Consumers often perceive snacks as ‘low risk’ opportunities for food exploration, as between-meal bites tend to be smaller quantities and lower price points than full meals. This means snack developers have the freedom to experiment with unique taste profiles, unexpected colours and unusual textures.
So, how can bakery and snack brands entice shoppers with multisensory engagement in the coming months?
Consider focusing on plant-forward snacks and treats with minimal sugar and pleasing texture and taste, says ADM.
Packed with plant proteins
Today’s consumers are open to exploring both animal-based and plant-based proteins in snack foods. This flexitarian approach is believed to support a more resilient food system, as well as the joy of discovery. Plus, protein may help curb hunger and can support the body’s energy levels.
Plant proteins have become commonplace in chips and crackers, nutrition bars, muffins and more. In 2023, this rising tide will elevate alternative meat snacks as substitutes for cured, smoked and cold cooked options. Charcuterie boards of the future may also prominently feature plant-based cheeses alongside fruits, vegetables, olives, breads and spreads.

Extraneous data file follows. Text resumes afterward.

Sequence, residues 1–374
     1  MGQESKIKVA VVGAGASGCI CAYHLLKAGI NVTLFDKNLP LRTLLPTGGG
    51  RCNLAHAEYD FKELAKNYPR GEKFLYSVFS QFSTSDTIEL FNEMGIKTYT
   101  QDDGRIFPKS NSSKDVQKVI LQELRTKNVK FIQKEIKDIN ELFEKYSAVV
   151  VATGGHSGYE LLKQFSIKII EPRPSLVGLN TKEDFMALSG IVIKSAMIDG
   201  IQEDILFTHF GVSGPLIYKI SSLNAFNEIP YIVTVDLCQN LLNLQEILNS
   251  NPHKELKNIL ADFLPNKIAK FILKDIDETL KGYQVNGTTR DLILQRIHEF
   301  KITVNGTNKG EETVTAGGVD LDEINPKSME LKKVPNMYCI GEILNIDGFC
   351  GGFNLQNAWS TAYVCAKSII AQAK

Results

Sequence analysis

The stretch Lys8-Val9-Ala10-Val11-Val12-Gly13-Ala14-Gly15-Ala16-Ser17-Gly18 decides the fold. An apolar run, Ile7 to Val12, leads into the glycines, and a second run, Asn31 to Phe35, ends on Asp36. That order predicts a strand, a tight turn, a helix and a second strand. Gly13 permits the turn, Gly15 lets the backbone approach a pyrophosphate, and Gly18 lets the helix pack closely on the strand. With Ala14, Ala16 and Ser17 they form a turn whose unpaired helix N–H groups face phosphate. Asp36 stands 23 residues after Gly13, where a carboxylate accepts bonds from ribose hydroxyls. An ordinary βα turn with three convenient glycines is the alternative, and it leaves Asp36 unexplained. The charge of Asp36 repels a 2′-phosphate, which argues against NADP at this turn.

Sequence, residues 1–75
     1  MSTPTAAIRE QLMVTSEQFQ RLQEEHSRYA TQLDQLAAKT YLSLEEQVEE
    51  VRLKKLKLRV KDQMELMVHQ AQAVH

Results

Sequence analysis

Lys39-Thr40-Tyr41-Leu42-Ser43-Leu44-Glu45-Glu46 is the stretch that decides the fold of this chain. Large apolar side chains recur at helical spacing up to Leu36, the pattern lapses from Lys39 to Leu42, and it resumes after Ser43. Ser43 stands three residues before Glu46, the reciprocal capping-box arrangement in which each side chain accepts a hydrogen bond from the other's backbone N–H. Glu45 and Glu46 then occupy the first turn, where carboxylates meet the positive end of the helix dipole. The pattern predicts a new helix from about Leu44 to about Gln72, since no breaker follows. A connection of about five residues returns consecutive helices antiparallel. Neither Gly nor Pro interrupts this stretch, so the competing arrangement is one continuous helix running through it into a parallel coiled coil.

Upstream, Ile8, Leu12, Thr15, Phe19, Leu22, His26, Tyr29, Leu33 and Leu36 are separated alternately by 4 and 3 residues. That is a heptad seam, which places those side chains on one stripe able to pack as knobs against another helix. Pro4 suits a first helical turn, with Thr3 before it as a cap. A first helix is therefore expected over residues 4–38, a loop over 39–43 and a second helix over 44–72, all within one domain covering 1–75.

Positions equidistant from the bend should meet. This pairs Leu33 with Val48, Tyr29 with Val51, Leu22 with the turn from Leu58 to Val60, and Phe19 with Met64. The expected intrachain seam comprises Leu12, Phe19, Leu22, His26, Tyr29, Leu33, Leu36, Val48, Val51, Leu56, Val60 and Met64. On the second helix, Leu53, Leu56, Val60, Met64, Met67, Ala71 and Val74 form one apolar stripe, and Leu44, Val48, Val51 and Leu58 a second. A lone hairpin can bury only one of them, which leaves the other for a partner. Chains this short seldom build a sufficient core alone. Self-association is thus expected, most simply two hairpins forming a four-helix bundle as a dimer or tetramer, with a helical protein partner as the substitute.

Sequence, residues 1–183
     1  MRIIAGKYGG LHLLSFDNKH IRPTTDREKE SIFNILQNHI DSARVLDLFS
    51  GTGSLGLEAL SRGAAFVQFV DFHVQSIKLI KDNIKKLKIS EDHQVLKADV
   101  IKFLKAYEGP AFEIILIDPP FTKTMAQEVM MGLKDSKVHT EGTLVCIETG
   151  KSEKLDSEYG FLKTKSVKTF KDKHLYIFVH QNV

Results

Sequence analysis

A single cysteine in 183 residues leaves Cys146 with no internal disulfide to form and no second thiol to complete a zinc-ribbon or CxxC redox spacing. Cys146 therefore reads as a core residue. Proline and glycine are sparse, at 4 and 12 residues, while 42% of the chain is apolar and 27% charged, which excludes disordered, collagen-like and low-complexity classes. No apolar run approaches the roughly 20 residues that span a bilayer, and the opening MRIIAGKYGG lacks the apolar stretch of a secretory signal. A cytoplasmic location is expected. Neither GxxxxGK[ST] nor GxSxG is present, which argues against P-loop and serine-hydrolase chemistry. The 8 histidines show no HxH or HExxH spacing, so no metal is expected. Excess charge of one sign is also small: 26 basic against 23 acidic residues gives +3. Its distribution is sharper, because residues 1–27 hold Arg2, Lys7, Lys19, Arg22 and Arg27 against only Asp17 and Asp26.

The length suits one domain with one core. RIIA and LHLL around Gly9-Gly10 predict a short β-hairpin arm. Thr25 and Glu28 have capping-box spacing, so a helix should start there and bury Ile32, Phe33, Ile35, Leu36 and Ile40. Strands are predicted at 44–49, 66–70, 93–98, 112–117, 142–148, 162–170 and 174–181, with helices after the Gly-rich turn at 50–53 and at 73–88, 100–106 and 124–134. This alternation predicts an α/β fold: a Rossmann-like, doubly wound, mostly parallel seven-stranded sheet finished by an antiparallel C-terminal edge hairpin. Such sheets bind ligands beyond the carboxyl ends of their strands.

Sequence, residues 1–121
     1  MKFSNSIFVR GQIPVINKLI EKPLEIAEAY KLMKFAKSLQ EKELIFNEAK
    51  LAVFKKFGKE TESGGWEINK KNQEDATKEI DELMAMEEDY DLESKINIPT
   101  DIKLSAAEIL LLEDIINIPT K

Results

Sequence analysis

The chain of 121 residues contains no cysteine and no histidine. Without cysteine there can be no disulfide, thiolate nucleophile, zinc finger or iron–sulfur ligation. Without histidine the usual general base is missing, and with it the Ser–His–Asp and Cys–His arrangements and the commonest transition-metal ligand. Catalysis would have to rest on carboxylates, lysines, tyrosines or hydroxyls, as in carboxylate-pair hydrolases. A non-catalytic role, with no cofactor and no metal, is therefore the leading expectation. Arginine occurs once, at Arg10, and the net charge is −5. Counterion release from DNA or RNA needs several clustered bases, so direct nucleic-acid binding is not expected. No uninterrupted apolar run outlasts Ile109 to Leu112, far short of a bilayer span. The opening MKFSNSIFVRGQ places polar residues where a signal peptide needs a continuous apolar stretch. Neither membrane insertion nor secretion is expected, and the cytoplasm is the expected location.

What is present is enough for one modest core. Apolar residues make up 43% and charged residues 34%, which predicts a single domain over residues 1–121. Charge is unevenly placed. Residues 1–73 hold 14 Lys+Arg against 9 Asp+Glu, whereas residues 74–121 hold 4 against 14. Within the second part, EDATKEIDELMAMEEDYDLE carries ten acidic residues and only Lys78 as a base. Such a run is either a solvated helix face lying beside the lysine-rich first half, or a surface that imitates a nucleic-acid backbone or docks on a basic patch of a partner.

Crunchy snack clusters are a fun format for plant-forward ingredients, including ancient grains, nuts, seeds, beans, pulses and dried fruit. These bites can be sweet or savoury, delivering an array of nutrients from fibre to protein and a delightful blend of textures. Snack clusters are also a great way to introduce consumers to lesser-known sources of plant protein, such as sorghum, amaranth and hemp, or even novel protein sources like insects or seaweed.